“I don’t want to be a dot on the radar of this industry,” Cody Johnson told me during my phone interview with him. “I want to leave my mark on it. I want to change country music to what I feel is the better.”

The 29 year old singer is definitely making a dent in the genre. Johnson has over 73,000 Twitter fans, his music has been streamed over 100 million times, his latest album, Gotta Be Me, debuted at #1 on the iTunes Country Music Chart, and in the last 12 months he’s sold over one million dollars in music on iTunes alone. And that’s not even all of his triumphs. He’s also sold over 500,000 concert tickets in the last 18 months. One of his sold out tour stops was Joe’s Bar on Weed Street. The icing on the cake is that he does all of this without the help of a record label or support from mainstream country radio. Not only are Johnson’s musical accomplishments impressive to say the least, they’re also damn near unheard of for an independent artist.

“Life is happening fast. I know how fortunate and how blessed I am, and I’m not ever going to take that for granted. The team that I have and God above are the only reasons I have this. I feel very undeservingly fortunate every day that I wake up.”

Success hasn’t come easy to Johnson. It’s something he’s worked extremely hard for his whole life, and he credits the resilient work ethic he was brought up on. The Texas singer grew up lower middle class, and as he explained, “I think that work ethic and that drive, that kind of feeling like you’re up against the world is what pushed me to be kind of a scrappy, tough dude and not really be intimidated by big goals and big dreams and the doors in your face that get slammed.”

While being told “No” more times than he could count was something Johnson got used to, it wasn’t enough to stop him from pursuing his career in music. “You can hit me as many times as you want. I’ll always stand back up, and that’s just how I am.” Johnson stated during our interview. This theme of determination and persistence is really demonstrated throughout his latest album, Gotta Be Me, which was released August of last year. The former bull rider said he is constantly pushing himself to be better and prove to an industry who has consistently told him no time and time again that he doesn’t just belong, but that he’s going to make sure people know who he is. This album, as Johnson described to me, is something that’s a good representation of where he is as a songwriter and in his career.

Gotta Be Me is an excellent addition to an already exceptional catalogue. In the opening title track of his 2016 release, Johnson kicks the album off with a traditional straight forward country melody reminiscent of George Strait, when he sings, “It ain’t always pretty, but the cowboy in me couldn’t change if he wanted to.” Personally, I think this one line probably best describes the outlaw country singer. Johnson carries on throughout the rest of the album with a certain confidence that could only come from someone who has lived the life he’s lived. While he tells listeners about the struggles of living the cowboy life on “The Only One I Know,” a song he says he’s lived and sings with conviction every night, Johnson also reveals his sensitive side on ballads like “With You I Am” and “Half a Song.”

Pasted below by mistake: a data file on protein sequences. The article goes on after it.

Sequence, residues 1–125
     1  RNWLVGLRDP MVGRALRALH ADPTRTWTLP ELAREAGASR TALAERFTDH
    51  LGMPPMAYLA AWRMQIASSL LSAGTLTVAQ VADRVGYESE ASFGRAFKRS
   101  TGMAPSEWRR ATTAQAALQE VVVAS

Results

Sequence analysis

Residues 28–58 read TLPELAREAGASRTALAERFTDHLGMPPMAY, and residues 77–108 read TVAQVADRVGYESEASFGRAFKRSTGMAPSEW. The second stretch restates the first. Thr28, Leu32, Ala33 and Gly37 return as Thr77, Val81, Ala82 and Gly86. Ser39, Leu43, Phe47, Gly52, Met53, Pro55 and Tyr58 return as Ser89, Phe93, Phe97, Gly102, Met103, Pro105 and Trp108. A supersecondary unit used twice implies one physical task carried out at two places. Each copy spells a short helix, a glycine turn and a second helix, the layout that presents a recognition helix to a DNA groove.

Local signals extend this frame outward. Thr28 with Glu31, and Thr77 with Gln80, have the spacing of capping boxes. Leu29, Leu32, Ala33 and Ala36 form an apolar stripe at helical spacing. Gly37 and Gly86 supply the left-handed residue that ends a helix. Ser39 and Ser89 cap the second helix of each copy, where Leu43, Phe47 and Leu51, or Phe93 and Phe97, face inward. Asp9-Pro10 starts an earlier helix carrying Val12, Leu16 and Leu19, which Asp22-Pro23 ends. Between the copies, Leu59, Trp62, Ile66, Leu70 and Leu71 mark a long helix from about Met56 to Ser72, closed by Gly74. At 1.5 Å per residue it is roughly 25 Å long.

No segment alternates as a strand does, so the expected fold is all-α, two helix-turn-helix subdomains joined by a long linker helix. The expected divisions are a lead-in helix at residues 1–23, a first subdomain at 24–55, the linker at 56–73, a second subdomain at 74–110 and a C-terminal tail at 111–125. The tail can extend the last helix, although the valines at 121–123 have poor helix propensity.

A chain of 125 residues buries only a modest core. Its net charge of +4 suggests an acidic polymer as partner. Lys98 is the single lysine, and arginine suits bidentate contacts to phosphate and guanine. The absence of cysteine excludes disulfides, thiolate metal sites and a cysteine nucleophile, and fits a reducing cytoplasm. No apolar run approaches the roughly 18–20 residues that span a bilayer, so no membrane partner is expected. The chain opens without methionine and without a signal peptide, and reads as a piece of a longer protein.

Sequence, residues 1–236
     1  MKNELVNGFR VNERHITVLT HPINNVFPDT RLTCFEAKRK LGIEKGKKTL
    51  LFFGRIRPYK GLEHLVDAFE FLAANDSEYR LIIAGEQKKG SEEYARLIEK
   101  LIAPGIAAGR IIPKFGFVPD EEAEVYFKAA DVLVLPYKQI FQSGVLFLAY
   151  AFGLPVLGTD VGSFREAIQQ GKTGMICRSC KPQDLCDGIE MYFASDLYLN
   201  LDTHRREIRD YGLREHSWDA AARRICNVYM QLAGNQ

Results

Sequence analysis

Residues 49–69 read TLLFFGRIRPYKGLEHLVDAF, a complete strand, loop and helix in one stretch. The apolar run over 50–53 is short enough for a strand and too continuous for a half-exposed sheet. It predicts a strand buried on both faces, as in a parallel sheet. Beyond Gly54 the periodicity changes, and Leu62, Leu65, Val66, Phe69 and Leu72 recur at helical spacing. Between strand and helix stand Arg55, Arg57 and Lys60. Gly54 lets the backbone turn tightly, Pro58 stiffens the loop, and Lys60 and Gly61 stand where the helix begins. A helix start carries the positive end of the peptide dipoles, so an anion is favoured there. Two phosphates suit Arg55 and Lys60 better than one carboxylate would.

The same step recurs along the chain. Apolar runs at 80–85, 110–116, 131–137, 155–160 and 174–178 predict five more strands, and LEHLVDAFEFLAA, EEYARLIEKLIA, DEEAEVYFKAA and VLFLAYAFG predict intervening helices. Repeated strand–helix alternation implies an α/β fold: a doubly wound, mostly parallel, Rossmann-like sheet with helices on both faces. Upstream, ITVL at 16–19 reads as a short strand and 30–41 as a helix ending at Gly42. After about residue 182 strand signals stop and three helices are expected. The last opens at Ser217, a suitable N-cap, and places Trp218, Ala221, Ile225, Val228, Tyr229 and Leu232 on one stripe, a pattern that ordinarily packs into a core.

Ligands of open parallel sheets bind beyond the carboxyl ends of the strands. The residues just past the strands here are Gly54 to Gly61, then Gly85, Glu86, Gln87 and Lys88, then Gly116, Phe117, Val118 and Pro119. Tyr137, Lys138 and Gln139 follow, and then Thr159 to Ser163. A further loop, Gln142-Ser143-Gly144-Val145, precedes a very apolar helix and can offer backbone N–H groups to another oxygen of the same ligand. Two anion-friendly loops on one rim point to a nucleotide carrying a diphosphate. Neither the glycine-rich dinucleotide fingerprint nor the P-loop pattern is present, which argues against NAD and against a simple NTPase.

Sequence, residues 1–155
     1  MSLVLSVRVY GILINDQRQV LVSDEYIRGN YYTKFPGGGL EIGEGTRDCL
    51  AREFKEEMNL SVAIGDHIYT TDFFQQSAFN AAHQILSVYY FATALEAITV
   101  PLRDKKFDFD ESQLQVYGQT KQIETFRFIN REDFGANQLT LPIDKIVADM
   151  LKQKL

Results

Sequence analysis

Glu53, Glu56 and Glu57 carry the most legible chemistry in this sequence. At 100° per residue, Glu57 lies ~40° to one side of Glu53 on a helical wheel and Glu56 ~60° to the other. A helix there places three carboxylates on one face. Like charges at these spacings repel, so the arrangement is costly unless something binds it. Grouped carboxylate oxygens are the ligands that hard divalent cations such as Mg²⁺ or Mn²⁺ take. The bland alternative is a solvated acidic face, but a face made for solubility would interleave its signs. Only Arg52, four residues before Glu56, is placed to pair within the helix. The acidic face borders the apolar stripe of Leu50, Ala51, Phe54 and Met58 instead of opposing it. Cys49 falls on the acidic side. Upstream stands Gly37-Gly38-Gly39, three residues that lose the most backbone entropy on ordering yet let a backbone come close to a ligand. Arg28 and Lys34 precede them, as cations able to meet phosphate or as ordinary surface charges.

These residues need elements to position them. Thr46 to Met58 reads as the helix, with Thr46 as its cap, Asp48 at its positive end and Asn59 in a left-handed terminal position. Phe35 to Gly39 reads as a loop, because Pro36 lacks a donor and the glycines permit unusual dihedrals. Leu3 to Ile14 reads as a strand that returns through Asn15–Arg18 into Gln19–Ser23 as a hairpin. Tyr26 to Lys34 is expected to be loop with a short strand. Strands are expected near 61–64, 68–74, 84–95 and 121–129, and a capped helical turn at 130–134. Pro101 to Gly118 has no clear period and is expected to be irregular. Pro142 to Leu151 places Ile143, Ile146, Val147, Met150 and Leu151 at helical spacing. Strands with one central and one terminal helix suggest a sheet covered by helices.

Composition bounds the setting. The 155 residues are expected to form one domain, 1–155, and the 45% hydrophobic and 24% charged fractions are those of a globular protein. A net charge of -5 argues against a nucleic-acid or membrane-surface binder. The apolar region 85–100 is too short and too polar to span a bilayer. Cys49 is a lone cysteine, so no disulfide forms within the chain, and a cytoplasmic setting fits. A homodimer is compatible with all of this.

While we were discussing “With You I Am,” it was interesting to learn that Johnson wasn’t initially crazy about the song he co-wrote with David Lee and Trent Willmon. “When you listen to those lyrics, and the way we put them together…we all have something or someone that makes us feel better with it. The whole concept to ‘With You I Am’ I think that’s what drew me to it. More and more we played it, and when we finally got it done in the studio I fell in love with it. I knew right then this has to be our first single. I feel like it represented the album pretty well,” Johnson said of the song.

During our interview, the singer/songwriter told me that aside from him and (writer/producer) Trent Willmon actually having time to write and gather the right songs for Gotta Be Me, they also had the ability and finances to take their time with everything.

“With ‘Gotta Be Me’ there was a lot of talks of record labels before and right up to the wire of trying to push this thing through to a record label, and it didn’t really work for me. I’ve been told no for a long time, and I’m one of those guys that when you tell me no, I’m just gonna go ahead and do it the hard way. I don’t mind working harder to get to a goal, and I think with Gotta Be Me, we changed the album. I had a different title, but I knew we had to pick Gotta Be Me because I needed to put my foot down and say, ya know what…I’m gonna dance with the one that brought me. I believe in what I’m doing. I’m not gonna change this, I’m not gonna change that, and I have to be myself. And if I have to do it the hard way, on my own, independently, that’s fine. I don’t mind doing that at all.”